Other methods of decreasing the tackiness of water-based coating compositions include the use of additives such as N-dodecylsulfosuccinamate, silicon dioxide, adipoyl dihydrazide, polyvinyl alcohol, and a blend of sodium linoleate, CaCO3, and silica. Basic materials such as adipoyl dihydrazide, however, are limited to use in cationic latexes, which are generally few in number. Molecules containing hydrocarbon chains such as N-dodecyl sulfosuccinamate can cause compatibility problems with acrylic materials. The use of calcium carbonate materials may not be suitable for sufficiently transparent coatings.
Thus, what is needed is an image-receiving layer that can be coated out of an aqueous coating composition to produce a generally nonblocking, i.e., low tack or nontacky, receptor sheet, particularly a transparency, imageable with generally good image quality and capable of withstanding the printing process with little or no scratching. The resultant image-receiving layer should exhibit generally good adhesion to the surface of a substrate, to the donor surface during imaging, and also to colorants, e.g., toners, transferred during the imaging process.
The present invention provides an image-receiving layer that can be coated out of an aqueous, i.e., water-based, coating composition to produce a generally nonblocking, i.e., low tack or nontacky, receptor sheet, preferably a transparency, imageable with generally good image quality and capable of withstanding the printing process with little or no scratching. The image-receiving layer of the present invention has generally good adhesion to the surface of a substrate, to the donor surface during imaging, and also to the transferred colorants. Preferably, the receptor sheets of the present invention possess generally desirable feed and antistatic properties, and have a generally low haze value (preferably less than about 5% haze). More preferably, the image-receiving layer once dried is generally insoluble in water and common polar solvents like alcohols and generally soluble in common ketones. These characteristics provide receptor sheets that can be used effectively in color or black and white applications, in both thermal mass transfer printers as well as electrophotographic and xerographic copier machines, e.g., plain paper copiers.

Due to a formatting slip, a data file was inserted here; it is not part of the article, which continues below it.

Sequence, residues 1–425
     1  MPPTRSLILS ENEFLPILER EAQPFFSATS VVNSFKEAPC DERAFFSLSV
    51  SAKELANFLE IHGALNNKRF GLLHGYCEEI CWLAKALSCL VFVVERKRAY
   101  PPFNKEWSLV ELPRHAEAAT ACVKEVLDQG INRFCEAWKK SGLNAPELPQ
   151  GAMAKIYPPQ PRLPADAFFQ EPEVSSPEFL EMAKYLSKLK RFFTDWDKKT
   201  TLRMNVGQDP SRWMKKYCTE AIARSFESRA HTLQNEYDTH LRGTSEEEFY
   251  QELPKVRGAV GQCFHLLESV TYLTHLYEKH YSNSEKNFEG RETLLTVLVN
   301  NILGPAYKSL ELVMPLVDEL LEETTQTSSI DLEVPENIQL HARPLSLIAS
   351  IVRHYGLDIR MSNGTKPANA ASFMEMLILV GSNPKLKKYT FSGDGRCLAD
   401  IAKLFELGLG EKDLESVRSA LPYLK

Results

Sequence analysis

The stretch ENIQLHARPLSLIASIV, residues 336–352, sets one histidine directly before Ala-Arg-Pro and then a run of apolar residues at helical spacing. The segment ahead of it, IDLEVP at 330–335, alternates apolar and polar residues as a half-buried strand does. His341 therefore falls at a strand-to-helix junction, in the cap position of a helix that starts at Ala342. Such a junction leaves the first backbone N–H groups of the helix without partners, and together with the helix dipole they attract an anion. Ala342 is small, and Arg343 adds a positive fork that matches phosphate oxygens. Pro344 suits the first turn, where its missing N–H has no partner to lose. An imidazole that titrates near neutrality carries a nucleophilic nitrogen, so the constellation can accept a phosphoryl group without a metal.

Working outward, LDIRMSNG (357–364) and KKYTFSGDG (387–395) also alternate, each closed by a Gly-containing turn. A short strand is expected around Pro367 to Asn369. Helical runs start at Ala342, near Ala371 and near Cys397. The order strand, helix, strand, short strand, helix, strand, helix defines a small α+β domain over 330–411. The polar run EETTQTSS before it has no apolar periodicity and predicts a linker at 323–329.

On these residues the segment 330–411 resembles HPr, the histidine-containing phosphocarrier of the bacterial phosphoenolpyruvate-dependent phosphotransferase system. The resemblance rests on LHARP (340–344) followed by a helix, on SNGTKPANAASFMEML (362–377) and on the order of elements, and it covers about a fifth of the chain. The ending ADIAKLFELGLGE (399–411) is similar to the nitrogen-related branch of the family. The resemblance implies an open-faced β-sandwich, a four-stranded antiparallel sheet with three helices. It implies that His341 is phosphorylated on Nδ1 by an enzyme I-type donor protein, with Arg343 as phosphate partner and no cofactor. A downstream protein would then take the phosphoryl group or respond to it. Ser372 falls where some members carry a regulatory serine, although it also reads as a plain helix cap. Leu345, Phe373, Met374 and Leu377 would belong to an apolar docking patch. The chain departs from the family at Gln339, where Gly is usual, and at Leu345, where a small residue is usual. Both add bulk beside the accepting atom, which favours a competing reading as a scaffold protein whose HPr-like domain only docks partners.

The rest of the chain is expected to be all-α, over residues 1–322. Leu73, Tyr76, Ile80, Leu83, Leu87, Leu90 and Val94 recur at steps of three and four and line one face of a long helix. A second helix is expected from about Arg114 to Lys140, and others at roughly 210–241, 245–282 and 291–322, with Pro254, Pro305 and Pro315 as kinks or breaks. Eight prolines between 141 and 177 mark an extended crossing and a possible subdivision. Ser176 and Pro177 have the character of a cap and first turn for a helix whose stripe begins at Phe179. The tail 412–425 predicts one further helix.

The receptor sheet of the present invention includes a substrate, preferably a flexible substrate, more preferably a transparent substrate, and most preferably a flexible transparent substrate, on which is coated an image-receiving layer formed from a water-based coating composition comprising:
(a) a major amount of a latex polymer having a Tg of no greater than about 30° C.;
(b) a minor amount of a water-soluble low molecular weight compound or salt having reactive functional groups (preferably hydroxyl, carboxyl, amino, amido groups, or combinations thereof); and
(c) a minor amount of a water-soluble carbodiimide.
This water-based coating composition is coated on at least one side of the substrate and dried to form an image-receiving layer for improved printability. Preferably, the water-based coating composition contains about 80-95 wt-% latex polymer, about 0.2-2 wt-% water-soluble low molecular weight compound or salt containing reactive functional groups, and about 0.1-1 wt-% water-soluble carbodiimide. As used herein, the weight percentages are based on the total weight of the solids content of the water-based coating composition (i.e., solids:solids), unless otherwise specified.